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Outlining a Strategy for Peace: Assessing the Situation in Afghanistan

SOURCE: AP/U.S. Navy, Petty Officer 2nd Class Ernesto Hernandez Fonte

A convoy of Afghan National Army HMMWVs line up in formation at the Kabul Military Training Center  in Kabul, Afghanistan.

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The State of the Union offers President Obama an important opportunity to assess the past year’s strategy in Afghanistan and to offer a clear roadmap for his agenda in Afghanistan and the region to a broader American audience. In its December strategic review, the administration committed itself to a “political resolution” of the conflict and pledged to intensify “regional diplomacy to enable a political process,” including Afghan-led reconciliation. President Obama should provide greater detail on these components of U.S. strategy.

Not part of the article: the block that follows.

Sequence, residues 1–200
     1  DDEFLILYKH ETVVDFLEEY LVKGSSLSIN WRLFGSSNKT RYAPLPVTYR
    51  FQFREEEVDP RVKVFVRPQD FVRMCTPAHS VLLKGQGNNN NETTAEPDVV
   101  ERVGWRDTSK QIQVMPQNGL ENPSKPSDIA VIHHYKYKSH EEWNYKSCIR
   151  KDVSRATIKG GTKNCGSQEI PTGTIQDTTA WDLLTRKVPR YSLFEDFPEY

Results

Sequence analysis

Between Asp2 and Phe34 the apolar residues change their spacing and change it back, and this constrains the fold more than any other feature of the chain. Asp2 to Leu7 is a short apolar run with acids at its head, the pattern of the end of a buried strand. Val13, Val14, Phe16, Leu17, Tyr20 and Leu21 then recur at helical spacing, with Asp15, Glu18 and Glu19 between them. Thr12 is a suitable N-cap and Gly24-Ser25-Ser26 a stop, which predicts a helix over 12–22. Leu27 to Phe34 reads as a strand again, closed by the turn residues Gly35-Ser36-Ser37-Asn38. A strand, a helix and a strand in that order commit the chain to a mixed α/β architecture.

Discontent over the course of America’s war in Afghanistan is rising, and the public has good reason for concern. We are running in place in Afghanistan, despite continued claims of progress, most recently highlighted in the administration’s December policy review. The underlying dynamics feeding the insurgency remain intact: The Afghan government continues to suffer from a lack of public legitimacy and capacity and is disconnected from communities throughout the country; the safehaven in Pakistan enables the insurgency to retreat, recruit, train, and fundraise; and the insurgency thus far remains resilient as it wages a violent intimidation campaign against those associated with the Karzai government and foreign forces, capitalizes on public discontent in Pashtun areas in the south and east, and expands its reach into previously secure areas in the north.